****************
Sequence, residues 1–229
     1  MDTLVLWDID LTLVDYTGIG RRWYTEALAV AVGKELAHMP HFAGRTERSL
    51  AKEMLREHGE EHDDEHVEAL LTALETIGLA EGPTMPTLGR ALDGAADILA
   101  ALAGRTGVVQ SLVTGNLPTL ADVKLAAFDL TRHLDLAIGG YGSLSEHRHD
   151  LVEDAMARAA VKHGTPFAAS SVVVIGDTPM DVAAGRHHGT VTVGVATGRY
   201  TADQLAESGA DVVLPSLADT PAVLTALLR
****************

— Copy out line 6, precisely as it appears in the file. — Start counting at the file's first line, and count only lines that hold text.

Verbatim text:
   201  TADQLAESGA DVVLPSLADT PAVLTALLR